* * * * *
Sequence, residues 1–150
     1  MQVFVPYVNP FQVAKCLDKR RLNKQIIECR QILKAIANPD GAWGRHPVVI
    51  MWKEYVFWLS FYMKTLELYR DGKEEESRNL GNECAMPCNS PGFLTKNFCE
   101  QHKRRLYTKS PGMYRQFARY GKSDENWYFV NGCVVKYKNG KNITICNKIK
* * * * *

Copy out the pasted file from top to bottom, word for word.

Sequence, residues 1–150
     1  MQVFVPYVNP FQVAKCLDKR RLNKQIIECR QILKAIANPD GAWGRHPVVI
    51  MWKEYVFWLS FYMKTLELYR DGKEEESRNL GNECAMPCNS PGFLTKNFCE
   101  QHKRRLYTKS PGMYRQFARY GKSDENWYFV NGCVVKYKNG KNITICNKIK